To this calamitous condition belong o Prodigals, fornicators, and all that defile themselves in any way. o Thieves, brigands, robbers, and all that in any way unjustly acquire another's goods. o Malicious people, and those that harm the lives of their neighbor. o The sly, the cunning, hypocrites, and those that deal deceitfully with their neighbor. o Blasphemers, revilers, and slanderers. o Judges that give judgement according to bribes and gifts, and not according to their oath and to justice. o Cruel masters. o Merchants that sell inferior material for better, cheap for expensive, rotten for good, and take higher prices for their wares than they are worth. o Those that work sorcery and those that summon them to their homes. o All those that act against conscience and recklessly break the Law of God.
 "To all such has happened - according to the true proverb, The dog is turned to his own vomit again; and the sow that was washed, to her wallowing in the mire."Beloved Christians, washed in the laver of holy Baptism, let us examine ourselves, whether any of us have not turned away from Christ and fallen into the calamitous condition mentioned above. Whoever opposes the law works for the devil and is already far removed from Christ.Woe to Christians that commit iniquity after holy Baptism! "It shall be more tolerable for the land of Sodom and Gomorrha in the Day of Judgement than for such Christians" (Mt. 10:15)!Poor Christian, examine yourself and beware lest you become the eternal captive of the devil and destruction. "Their worm dieth not, and the fire is not quenched" (Mk. 9:44). O God, spare Thy rational creature, made in Thine own image!
 from: Journey to Heaven Counsels On the Particular Duties of Every Christian Our Father Among the Saints, Tikhon of Zadonsk, Bishop of Voronezh and Elets Jordanville, NY: Holy Trinity Monastery, 2004.

Theophan the Recluse, On prayer, Homily 1

On the feast day of the Entrance into the Temple of the Most-holy Theotokos,(November21,new calendar) I find it timely to give you instruction in prayer - the main work of the temple. A temple is a place of prayer and arena of prayer's development. For us, entry into the temple is entry into a prayerful spirit. The Lord has the kindness to call our hearts His temple, where we enter mentally and stand before Him, ascending to Him like the fragrant smoke of incense. We are going to study how to attain this state.

Gathering in the temple, you pray, of course. And in praying here, you surely ought not abandon prayer at home. Therefore, it would be extraneous to speak to you about our duty to pray, when you already pray. But I do not think that it is extraneous in any way to give you two or three rules about how to pray, if not in the way of teaching, then simply as a reminder. The work of prayer is the first work in Christian life. If in everyday affairs the saying: "live and learn" is true, then so much more it applies to prayer, which never stops and which has no limit.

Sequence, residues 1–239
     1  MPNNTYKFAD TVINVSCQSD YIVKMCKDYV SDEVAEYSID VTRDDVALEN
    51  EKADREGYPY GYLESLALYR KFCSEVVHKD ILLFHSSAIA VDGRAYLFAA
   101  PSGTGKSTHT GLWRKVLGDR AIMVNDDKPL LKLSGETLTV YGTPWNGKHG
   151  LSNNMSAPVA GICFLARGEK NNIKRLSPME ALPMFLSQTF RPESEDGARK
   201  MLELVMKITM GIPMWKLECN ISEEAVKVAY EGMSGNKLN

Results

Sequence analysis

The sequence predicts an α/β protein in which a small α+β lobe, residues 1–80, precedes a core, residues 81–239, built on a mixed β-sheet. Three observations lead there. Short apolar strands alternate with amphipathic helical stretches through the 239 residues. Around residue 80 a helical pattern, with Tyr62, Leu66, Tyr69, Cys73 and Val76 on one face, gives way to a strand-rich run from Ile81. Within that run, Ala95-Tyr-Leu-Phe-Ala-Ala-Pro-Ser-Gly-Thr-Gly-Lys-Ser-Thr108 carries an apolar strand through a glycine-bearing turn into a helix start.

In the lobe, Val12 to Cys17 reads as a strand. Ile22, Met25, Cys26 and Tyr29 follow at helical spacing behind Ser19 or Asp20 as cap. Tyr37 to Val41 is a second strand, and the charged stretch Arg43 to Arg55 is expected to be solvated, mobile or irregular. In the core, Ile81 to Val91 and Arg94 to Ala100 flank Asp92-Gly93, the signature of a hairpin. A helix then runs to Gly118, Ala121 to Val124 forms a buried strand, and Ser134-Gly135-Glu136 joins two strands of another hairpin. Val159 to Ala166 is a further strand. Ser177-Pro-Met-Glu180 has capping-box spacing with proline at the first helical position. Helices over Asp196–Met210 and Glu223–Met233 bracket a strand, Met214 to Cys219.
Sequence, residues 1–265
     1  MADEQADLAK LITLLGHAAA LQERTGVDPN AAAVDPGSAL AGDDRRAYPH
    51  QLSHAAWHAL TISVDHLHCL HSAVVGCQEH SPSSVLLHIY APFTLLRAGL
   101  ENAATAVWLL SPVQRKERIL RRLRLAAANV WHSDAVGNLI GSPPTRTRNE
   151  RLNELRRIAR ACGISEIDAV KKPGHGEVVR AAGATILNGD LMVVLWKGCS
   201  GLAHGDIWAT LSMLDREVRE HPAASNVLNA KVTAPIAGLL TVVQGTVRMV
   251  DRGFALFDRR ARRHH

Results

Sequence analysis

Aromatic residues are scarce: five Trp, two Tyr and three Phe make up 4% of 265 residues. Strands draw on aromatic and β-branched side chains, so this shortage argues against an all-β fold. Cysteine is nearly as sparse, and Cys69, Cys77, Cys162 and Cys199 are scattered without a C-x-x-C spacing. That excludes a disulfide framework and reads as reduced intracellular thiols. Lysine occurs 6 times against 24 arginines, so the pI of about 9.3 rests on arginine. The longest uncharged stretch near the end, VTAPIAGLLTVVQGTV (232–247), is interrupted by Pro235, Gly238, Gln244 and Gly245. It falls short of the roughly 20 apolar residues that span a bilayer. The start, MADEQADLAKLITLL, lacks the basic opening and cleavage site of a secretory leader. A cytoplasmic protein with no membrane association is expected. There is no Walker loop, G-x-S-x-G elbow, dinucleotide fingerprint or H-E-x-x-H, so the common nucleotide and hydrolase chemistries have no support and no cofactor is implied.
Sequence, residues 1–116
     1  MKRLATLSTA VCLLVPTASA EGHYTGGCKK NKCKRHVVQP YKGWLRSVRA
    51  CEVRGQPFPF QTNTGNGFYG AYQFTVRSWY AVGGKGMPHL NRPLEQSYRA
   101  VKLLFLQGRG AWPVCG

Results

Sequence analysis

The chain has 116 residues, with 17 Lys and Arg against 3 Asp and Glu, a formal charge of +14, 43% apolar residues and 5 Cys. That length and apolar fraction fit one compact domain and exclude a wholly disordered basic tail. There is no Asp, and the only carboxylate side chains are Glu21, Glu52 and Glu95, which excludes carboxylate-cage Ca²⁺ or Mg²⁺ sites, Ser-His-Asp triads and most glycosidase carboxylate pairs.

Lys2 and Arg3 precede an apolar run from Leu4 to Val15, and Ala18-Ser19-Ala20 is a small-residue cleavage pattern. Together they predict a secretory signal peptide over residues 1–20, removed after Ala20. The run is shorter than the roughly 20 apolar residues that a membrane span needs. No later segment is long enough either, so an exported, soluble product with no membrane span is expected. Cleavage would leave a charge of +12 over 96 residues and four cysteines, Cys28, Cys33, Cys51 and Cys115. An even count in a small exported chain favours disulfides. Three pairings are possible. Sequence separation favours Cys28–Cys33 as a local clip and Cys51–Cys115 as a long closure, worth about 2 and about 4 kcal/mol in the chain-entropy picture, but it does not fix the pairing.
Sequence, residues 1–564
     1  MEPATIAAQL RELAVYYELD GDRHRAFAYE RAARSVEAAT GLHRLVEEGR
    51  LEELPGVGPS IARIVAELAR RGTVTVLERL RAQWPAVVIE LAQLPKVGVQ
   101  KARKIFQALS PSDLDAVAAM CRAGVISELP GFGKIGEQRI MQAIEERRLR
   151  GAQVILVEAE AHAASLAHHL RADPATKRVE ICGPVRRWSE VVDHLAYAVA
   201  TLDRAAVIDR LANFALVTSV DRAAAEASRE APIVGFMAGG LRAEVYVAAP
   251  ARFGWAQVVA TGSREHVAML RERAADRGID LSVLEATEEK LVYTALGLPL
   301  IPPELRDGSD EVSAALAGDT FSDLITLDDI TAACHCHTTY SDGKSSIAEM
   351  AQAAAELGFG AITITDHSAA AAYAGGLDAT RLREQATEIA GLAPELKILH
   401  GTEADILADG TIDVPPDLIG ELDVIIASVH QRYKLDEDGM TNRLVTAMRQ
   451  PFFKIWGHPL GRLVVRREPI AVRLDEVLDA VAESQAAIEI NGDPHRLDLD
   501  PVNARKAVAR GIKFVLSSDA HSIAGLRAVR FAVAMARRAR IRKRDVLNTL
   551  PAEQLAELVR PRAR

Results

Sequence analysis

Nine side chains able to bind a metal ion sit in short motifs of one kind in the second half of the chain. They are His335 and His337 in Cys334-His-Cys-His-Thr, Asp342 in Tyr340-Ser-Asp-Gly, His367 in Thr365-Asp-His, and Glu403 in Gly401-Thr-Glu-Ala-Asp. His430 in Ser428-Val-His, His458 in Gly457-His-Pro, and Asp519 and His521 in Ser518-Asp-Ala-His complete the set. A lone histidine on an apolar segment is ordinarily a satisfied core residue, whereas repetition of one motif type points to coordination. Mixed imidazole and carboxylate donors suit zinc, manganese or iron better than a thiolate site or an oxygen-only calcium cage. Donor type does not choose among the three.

Let me recall a wise custom of the ancient Holy Fathers: when greeting each other, they did not ask about health or anything else, but rather about prayer, saying "How is your prayer?" The activity of prayer was considered by them to a be a sign of the spiritual life, and they called it the breath of the spirit. If the body has breath, it lives; if breathing stops, life comes to an end. So it is with the spirit. If there is prayer, the soul lives; without prayer, there is no spiritual life.

However, not every act of prayer is prayer. Standing at home before your icons, or here in church, and venerating them is not yet prayer, but the "equipment" of prayer. Reading prayers either by heart or from a book, or hearing someone else read them is not yet prayer, but only a tool or method for obtaining and awakening prayer. Prayer itself is the piercing of our hearts by pious feelings towards God, one after another – feelings of humility, submission, gratitude, doxology, forgiveness, heart-felt prostration, brokenness, conformity to the will of God, etc. All of our effort should be directed so that during our prayers, these feelings and feelings like them should fill our souls, so that the heart would not be empty when the lips are reading the prayers, or when the ears hear and the body bows in prostrations, but that there would be some qualitative feeling, some striving toward God. When these feelings are present, our praying is prayer, and when they are absent, it is not yet prayer.